The lines I like best are #3 and 5 -- if you merge aspects of these and clearly spell out what's the driving force, the stakes (what exactly will/won't happen if he fails), then I think you'd have a really good logline.

    Thanks for joining in!

  6. #5 works the best for me, I think! It's simple and there's a lack of detail, which can be easily fixed, but it does intrigue me and make me think: huh. Maybe that'll be a great read!

  7. It seems like I'm always the problem child in these comments. I also like #5 the best. It just works. If you wanted to rework it, you could always expand it to include the stakes that you've mentioned in the first few. Good work. :)

  8. Thank you, RaShelle, for stopping by and taking the time to look over my log lines. I’m glad you liked #5. I struggled with that one. I’m glad you’re interested. It’s been a struggle but, in the end, it’s been a fun book to write. Hope you can read it soon.

    Roland, thank you for your kind words. I try to make my writing easy to read so it means a lot that you think I write with humor and flair. I really make an effort to do just that.
    If your Samuel McCord is half as fun as the Sam McCord in the movie, North to Alaska, I know I’ll enjoy reading about him. N to A is, by the way, my favorite movie. Great blog you have. I’m all over your choice of music and the photos are superb.

    Mia, I really like your blog, too. I could lose myself in those photos you’ve posted. I’m much more prosaic. Maybe I can learn from you. I’m glad you liked #5, too. Thank you for stopping by and voting.

    Sangu, is your blog posted on Bryan’s list? I haven’t gotten through all of the list yet but I look forward to reading your log lines. Thank you for voting on mine. It helps to know what works for others and how they perceive your work.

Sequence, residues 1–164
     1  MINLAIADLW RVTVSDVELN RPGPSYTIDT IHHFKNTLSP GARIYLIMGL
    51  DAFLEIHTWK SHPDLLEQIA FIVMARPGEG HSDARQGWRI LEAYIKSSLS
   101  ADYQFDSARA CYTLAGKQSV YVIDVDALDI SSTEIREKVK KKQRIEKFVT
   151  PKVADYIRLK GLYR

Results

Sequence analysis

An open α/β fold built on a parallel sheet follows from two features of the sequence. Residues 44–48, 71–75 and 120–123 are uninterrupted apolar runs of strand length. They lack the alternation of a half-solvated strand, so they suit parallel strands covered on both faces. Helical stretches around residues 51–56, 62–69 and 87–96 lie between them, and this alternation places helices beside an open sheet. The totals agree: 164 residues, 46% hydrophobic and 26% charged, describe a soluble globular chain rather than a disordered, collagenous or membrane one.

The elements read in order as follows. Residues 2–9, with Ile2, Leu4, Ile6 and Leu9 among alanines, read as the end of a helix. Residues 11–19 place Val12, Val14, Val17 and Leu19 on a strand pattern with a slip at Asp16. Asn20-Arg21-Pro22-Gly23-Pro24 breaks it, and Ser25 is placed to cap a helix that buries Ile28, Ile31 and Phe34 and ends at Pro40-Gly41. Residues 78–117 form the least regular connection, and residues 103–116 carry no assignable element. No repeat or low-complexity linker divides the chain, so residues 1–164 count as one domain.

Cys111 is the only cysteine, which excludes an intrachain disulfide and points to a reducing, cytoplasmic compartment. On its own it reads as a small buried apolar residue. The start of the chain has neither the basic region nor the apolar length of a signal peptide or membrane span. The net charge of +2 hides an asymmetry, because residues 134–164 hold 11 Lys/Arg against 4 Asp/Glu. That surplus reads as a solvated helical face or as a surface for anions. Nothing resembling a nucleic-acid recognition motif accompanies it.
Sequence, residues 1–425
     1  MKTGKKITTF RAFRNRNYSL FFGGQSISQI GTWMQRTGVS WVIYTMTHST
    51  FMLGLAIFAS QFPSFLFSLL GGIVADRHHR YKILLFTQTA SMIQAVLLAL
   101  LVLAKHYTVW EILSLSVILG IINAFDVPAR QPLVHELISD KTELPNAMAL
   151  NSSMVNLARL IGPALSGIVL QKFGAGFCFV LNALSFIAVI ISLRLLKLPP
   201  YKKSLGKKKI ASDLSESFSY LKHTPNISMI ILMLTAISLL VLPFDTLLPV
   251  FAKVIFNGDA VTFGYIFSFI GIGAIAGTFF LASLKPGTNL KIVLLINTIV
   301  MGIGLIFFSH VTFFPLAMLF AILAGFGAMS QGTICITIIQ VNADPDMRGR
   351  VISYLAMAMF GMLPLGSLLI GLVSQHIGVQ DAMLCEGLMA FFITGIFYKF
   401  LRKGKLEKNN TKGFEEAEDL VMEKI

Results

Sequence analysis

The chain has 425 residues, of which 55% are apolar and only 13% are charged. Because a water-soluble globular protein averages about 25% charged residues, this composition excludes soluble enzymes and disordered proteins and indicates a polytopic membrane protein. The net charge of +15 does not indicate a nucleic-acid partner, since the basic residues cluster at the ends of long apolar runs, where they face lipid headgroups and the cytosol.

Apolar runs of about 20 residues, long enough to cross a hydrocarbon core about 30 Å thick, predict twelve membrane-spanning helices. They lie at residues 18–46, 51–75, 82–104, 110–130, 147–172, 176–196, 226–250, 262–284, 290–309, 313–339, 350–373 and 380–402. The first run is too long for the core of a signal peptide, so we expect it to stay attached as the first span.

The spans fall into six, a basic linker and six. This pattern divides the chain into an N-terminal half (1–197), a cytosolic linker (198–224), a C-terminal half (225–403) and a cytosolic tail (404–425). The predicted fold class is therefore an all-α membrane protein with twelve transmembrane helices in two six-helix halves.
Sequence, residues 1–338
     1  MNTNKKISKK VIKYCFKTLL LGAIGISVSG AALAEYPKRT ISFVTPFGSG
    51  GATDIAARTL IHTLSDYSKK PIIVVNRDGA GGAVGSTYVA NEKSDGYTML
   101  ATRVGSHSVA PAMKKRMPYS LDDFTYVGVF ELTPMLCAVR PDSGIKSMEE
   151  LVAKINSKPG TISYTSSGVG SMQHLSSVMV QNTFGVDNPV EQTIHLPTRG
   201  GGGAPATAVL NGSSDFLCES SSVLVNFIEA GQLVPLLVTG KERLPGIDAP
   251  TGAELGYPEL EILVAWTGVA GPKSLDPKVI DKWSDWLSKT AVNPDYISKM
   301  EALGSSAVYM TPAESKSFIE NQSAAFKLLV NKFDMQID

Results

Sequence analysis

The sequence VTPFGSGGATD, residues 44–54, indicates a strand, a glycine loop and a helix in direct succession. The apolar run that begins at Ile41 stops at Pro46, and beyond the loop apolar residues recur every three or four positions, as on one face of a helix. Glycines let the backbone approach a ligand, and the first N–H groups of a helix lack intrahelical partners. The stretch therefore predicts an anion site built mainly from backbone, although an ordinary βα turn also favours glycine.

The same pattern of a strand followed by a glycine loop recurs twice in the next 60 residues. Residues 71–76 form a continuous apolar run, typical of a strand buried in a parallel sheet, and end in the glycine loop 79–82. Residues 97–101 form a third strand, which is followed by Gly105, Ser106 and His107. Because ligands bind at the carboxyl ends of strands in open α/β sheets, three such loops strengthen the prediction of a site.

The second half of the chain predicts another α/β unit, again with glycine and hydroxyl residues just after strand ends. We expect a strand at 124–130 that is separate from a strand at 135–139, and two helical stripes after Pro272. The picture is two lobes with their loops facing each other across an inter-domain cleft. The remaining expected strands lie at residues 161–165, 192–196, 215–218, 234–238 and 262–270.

Bryan, thank you for your thoughts and thank you for this opportunity. I probably would have postponed doing my hook line until the very last minute if you hadn’t given me this challenge. Because I’m all over challenges, I started researching log lines the minute I read about your blogfest. I learned so much from this exercise.
    Thank you, also, for challenging me to expand and include more information. What do you think about the following?

    His virtue (lose it and he’ll lose his fairy bride) and his life (won’t do him much good to lose that, either) are at stake when a rune reading sends an orphaned adolescent to retrieve Excalibur and its sheath from the seductive sorceress, Morgan le Fay, on the isle of Avalon.

    51 words. Dang! And I can’t think what to cut unless it’s the ‘of’ before Avalon. Do that and the flow’s interrupted. Got any ideas?
    thanks, again, everyone.

  9. A problem child, Lovy? Not even. You're fine. And thank you for stopping by and commenting. I appreciate it.

  10. I liked 1 and 5. Good job with the condensing. Dang.

  11. I liked 1 and 5. Good job with the condensing. You have a way with words.

  12. Thank you for stopping by, Cathy. :) You liked 1 and 5? Your opinion means a lot since you know a lot of what's in the book.
    Hmmm. I'm gonna have to send the completed version to you if you have time to finish reading for me. Let me know. I know summer with the kids home can be hectic so if you don't have time, that's ok, too. chat with you later.